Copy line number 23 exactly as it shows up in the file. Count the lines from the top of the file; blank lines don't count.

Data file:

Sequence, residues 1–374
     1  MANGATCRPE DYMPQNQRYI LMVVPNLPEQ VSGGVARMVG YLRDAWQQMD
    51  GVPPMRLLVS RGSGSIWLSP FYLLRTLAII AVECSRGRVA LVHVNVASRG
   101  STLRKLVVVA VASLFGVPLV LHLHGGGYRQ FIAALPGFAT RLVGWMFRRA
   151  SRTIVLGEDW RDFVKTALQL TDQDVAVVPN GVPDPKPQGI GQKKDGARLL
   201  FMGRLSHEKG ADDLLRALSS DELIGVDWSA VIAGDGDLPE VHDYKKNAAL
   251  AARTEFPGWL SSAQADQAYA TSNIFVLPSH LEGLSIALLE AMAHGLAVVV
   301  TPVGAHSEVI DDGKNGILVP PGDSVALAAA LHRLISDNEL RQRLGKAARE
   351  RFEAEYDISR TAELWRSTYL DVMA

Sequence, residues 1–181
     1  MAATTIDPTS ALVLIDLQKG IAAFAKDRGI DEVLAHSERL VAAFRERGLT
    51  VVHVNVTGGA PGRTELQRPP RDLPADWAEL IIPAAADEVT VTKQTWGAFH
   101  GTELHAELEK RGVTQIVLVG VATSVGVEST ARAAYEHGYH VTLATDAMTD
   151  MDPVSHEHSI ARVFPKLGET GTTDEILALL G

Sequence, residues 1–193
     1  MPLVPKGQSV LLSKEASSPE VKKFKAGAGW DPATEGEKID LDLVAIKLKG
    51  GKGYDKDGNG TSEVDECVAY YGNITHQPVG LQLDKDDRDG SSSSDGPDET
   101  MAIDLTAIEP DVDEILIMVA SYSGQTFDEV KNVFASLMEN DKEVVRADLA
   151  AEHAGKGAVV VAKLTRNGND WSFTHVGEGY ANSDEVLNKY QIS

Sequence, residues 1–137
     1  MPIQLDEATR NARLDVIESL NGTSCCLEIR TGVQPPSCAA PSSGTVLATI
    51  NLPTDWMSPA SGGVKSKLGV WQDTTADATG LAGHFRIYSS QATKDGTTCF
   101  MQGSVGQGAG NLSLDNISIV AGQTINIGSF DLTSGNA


   101  MQGSVGQGAG NLSLDNISIV AGQTINIGSF DLTSGNA